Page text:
Data as Labor

Frequently Asked Questions

Q: Data is not just a product of “labor” but also of the tech companies’ investments in research and infrastructure.  Why do its returns all belong to individuals?

A: Like anything else, data is a mixed product of capital, labor and natural endowments.  However, it seems plausible based on the role of human actions in producing most useful data that the productive share of labor in creating data is very high, while at present the share it is being compensated for is extremely low.  So “data as labor” is a simplification of “data as mostly labor”, which is more accurate.  We doubt that, given our society, it is likely to be true any time soon that excessively high rents are allocated to individual data producers rather than the owners of capital, so we are not too worried about this simplification.

 

Q: Isn’t the amount that any individual would be paid for their data at present tiny?

A: Calculations by experts of the value of data for a typical person reading this book at present range from $100 to1000 a year.  This value would grow if people were compensated as AI would be more productive, but AI is also growing generally and a huge part of the value of the tech companies is based on this expectation.  If this proves even modestly right (say if 10% of the economy becomes AI-dominated), then shifting from data as capital to data as labor could generate tens of thousands of dollars for middle-income U.S. households.

 

Q: It seems very hard to organize a digital union given that people are not in the same physical location and are so heterogeneous.  How do you address this?

A: While digital ties may be thinner, social networks allow for some quite potent connections and for much greater observability than was possible in the era of labor unions.  Furthermore, digital technology can directly facilitate strikes through VPNs that can block data access. Algorithms are also more easily auditable than standard production processes, making it easier to tie down data value. Combining these different forces, we think data labor unions may be highly effective.

 

Q: I don’t want people spying on and commodifying my interaction with my friends at any price.  Aren’t you just promoting this?

A: If you strongly value privacy, you can choose not to do data work; the union would have the responsibility to enforce this for you.  But you would also have the opportunity to work if you want to.  Currently your data is used without your knowledge.  We want transparency and fair market values, and then you can decide what you want to do.

 

Q: Doesn’t this dramatically increase cognitive load?  Everyone wants to just enjoy digital services and not worry about the economics.

A: Data labor unions would handle much of this cognitive load for workers.  They would monitor terms and conditions, ensure data is not being abused, etc.  They would also target work opportunities to workers based on knowledge of their preferences without them having to do detailed calculations to figure out if it was worth their time.  At the same time, workers would be aware generally of their role and be able to adjust parameters when they chose to weigh in.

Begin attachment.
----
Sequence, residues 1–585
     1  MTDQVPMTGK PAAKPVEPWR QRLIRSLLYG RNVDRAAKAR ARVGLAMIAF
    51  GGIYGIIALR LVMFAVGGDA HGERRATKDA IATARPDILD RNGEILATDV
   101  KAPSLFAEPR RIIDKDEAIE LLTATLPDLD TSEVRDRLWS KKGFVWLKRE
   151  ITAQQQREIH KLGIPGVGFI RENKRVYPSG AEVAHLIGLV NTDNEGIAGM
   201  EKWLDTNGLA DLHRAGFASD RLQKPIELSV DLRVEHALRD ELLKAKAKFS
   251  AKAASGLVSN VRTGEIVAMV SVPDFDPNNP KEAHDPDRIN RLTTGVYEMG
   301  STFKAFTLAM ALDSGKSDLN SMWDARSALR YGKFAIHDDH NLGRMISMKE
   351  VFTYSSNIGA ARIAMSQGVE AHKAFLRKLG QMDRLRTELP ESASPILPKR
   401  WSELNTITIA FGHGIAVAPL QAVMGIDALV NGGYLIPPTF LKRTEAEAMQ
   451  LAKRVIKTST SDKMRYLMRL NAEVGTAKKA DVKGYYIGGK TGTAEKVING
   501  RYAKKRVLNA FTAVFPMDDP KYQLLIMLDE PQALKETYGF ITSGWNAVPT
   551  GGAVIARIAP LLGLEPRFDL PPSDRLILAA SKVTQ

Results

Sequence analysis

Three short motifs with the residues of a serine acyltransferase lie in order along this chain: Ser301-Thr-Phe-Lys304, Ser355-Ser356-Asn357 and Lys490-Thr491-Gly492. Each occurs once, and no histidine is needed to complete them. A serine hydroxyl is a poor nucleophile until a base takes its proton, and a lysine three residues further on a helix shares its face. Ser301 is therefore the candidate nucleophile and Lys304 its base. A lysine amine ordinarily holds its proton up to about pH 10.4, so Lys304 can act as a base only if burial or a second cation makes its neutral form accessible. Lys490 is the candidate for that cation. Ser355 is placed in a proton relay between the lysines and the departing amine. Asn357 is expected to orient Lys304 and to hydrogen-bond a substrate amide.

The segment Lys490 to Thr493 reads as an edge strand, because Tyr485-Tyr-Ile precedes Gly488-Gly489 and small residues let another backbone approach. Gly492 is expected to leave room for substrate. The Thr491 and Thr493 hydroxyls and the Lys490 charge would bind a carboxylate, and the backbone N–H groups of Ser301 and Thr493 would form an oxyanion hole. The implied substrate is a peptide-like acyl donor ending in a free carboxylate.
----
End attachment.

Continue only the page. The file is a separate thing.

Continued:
Q: Hasn’t the labor movement failed?  Why would it succeed here?

A: The labor movement was successful during the nineteenth and early twentieth century.  It started to fail as the labor market evolved with technology and growing diversity of the work force. A union based on data could take advantage of technological developments and the special nature of date work.

 

Q: People get so many great free services from digital platforms.  Isn’t that sufficient compensation?

A: The question is less “how much benefits are we getting” than are the benefits we getting directly rewarding productive work in a way that encourages it.  At present we get all sorts of fun services and the platforms get all the marketable value of our work.  This gives no incentives for developing productive abilities or providing valuable, high-quality data.  It also gives no freedom to individuals to spend the value of their work in places other than the platforms.  It is a sort of techno-feudalism, which is unproductive and inequitable.

 

Q: Won’t making data even more proprietary and controlled stunt innovation?  Shouldn’t we make data open and free?

A: Data labor unions will very likely have an interest in making data available to a variety of services on relatively non-discriminatory terms and thus would likely open up the data economy.  However, the high-quality data we need for a variety of applications won’t be produced if we don’t reward and aren’t open with those who individually contribute to its production. So the best solution is for data to be reasonably compensated, protected and bargained for, rather than just made free.

 

Q: Why do you call it “labor” rather than just data ownership?

A: People do work when they type into the computer. Indeed, people are frequently hired to do this.

 

Q: Won’t the fruits of data labor be distributed unequally to those who it is profitable to advertise to?

A: Labor income of all kinds is unequally distributed, but capital income is more unequally distributed.  If we eliminated the inequality in the distribution of capital, it would solve a majority of the inequality in wealthy countries.  So, yes, moving towards data as labor would not solve all inequality, but it would make things less unequal than at present.